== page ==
Robert B. Annis Water Research Institute
How do you embrace the idea that water is rapidly becoming a scarce world resource when you live near the Great Lakes that stretch to the horizon? When water flows liberally from the tap, and you enjoy a seemingly endless supply of rivers and inland lakes? This is the Michigan we know and love. It’s easy to get complacent and take water for granted.
The Need is Urgent
Trust us…our West Michigan waters, while abundant, are not immune from danger. New or growing threats include:
- Microplastics: 11 million pounds of plastics are dumped annually into Lake Michigan, also affecting adjacent lakes.
- Harmful Algal Blooms (HABs): Warmer water temperatures and excess nutrients are growing this threat for inland lakes and our Great Lakes.
- Salinization of Water Resources: Salt run-off from road de-icer application is creating toxic environments in our lakes, groundwater, and streams.
- Groundwater Sustainability: Natural and man-made contaminants such as PFAS, and increased withdrawals of groundwater for development and agriculture, threaten both the quality and quantity of groundwater.
- SARS CoV-2 Wastewater Monitoring: The CDC has recommended wastewater testing for monitoring infection levels. The State of Michigan has invested in the infrastructure for these analyses at 19 public health and university sites, including AWRI.
- Pathogens at Great Lakes Beaches and Tributaries: Beach closings around the Great Lakes are increasingly common, requiring testing and tracking for same day test results to protect both animals and humans.
- Population-Driven Stressors: West Michigan is on the list of projected ‘climate sanctuaries’ which may drive an increase in both new residents and visitors. Good for the economy. Tough on the lakes.
- Climate Change: Climate change directly affects freshwater resources due to related changes in land use, biodiversity, and coastal resiliency.
What We Do
Grand Valley’s Robert B. Annis Water Resources Institute (AWRI) was created 35 years ago and was the first freshwater research, outreach, and educational organization working in West Michigan, for West Michigan. Its work is firmly focused on the future, at the intersection of our region’s economic and environmental vitality.
Nearly 70 staff members, including 10 research scientists and dozens of graduate and undergraduate student researchers, conduct groundbreaking research in areas such as microbial ecology, aquatic ecology, phycology, molecular ecology, ecological modeling, fisheries ecology, changing climate, aquatic ecosystem restoration, invasive species, watershed hydrology and geospatial analytics, and environmental chemistry and toxicology.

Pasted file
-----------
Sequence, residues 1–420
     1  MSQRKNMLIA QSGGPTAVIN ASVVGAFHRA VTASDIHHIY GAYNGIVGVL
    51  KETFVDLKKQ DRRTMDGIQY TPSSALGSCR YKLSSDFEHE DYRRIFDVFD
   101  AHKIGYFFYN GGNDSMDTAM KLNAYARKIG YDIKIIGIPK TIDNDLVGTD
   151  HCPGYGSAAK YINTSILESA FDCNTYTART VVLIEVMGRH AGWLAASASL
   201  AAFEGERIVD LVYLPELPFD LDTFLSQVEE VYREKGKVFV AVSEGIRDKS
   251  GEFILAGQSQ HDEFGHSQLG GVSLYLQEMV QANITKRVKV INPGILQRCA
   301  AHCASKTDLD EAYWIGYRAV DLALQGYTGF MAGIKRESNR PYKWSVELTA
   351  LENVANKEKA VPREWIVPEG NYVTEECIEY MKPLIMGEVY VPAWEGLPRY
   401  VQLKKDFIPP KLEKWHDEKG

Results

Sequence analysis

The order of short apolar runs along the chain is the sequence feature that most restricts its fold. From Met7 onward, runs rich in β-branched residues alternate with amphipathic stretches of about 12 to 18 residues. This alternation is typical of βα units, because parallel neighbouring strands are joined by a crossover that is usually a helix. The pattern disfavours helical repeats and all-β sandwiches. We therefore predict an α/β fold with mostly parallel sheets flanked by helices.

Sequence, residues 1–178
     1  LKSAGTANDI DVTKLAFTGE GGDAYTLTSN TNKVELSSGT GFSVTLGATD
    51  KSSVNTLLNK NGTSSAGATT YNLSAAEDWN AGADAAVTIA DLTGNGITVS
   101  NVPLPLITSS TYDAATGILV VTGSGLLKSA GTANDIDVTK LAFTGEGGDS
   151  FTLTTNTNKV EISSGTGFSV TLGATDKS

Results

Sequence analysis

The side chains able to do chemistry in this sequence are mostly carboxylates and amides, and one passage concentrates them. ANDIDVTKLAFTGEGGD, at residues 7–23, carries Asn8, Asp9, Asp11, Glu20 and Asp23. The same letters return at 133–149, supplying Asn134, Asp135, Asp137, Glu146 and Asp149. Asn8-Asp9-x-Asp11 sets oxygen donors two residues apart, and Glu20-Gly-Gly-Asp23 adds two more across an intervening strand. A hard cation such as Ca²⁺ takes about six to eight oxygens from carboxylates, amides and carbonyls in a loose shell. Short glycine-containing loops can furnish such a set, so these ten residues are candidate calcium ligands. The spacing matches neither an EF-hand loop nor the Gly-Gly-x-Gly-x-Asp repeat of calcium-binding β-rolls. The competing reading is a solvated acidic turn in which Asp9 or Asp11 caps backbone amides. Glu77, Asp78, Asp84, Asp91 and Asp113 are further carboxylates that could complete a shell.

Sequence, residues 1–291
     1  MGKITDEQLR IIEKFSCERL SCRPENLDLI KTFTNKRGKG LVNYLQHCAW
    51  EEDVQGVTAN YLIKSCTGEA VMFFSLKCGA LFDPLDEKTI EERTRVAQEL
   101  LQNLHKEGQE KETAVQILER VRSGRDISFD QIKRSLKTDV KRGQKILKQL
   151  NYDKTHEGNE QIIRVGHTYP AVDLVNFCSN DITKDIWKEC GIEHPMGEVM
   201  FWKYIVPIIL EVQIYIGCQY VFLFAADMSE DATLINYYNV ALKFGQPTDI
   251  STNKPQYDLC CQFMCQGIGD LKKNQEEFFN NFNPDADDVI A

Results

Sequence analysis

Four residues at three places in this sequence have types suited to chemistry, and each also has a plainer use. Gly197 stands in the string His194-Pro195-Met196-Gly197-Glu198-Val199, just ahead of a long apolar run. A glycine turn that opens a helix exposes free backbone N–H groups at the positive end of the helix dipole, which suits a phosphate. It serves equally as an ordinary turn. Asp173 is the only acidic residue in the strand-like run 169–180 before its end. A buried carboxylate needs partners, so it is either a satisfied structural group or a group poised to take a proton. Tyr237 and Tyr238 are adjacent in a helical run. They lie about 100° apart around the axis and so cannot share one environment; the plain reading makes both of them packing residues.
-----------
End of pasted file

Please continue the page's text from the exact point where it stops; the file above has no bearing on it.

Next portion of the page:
Education and Outreach
More than 185,000 students and community members have participated in a hands-on experience through AWRI’s Water Resources Education Program which utilizes two research and education vessels, the D.J. Angus, berthed in Grand Haven, and the W.G. Jackson, berthed in Muskegon.
Educators, policy makers and citizens are reached through various educational events and activities such as professional development workshops for educators (Project WET, GLOBE, Project Learning Tree, Population Education) as well as public events including water festivals, community events, and Making Lake Michigan Great tours.
““I worked on projects I never would have had the chance to experience otherwise, and learn from phenomenal mentors like Dr. Charlyn Partridge. The networking opportunities created at AWRI have been tremendously helpful in my career.”
–Maggie Peterson '22
M.S. Biology with Aquatic Focus
Researcher, Great Lakes Environmental Center
“I felt that AWRI provided an unparalleled opportunity to pursue my interests in freshwater resources. The institute not only embraces but encourages the interdisciplinary nature of aquatic science through collaboration, dissemination of research, and community engagement.”
–Ellen Foley '22
Development Associate, Leeward Renewable Energy
Former Graduate Student Researcher
AWRI's work helps Muskegon Lake reach pivotal milestone
“AWRI has been proudly involved in the Muskegon Lake AOC for over 25 years providing scientific and monitoring expertise," said Al Steinman, AWRI's former director.
AWRI-operated drones to clean up plastic on beaches and waterways
“This not only impacts Great Lakes wildlife, but also the 40 million Americans and Canadians that require the Great Lakes for their drinking water," said Lora Shrake. "Once collected, the litter is analyzed providing valuable data that allows us to understand the scale of the problem.”
GVSU research helps find possible link in oxygenation of young Earth
“This work is a great example of how a careful study of a small piece of our natural world can reveal so much about the workings of the entire natural world,” said Bopi Biddanda, professor of water resources at Grand Valley.
How You Can Help
Our mission is to ensure the future of our lakes, rivers, and wetlands for our families and communities long into the future. To do this, we need your help which will:
- Leverage AWRI’s expertise as the region’s most established freshwater expert and community partner, to remain proactive and relevant in the face of new and growing threats.
- Expand our ability to attract and retain top freshwater scientists.
- Expand our capacity to train student researchers who will be our next generation of scientists.
- Increase our education and outreach efforts to ensure community-wide understanding of freshwater issues and preventative measures.
Current funding alone cannot sustain the increasingly complex work that needs to be done over the next decades. We are reliant on donor support to create the margin of excellence that will sustain the institute's work for generations.
We all have a stake in saving our shores. Please support AWRI today.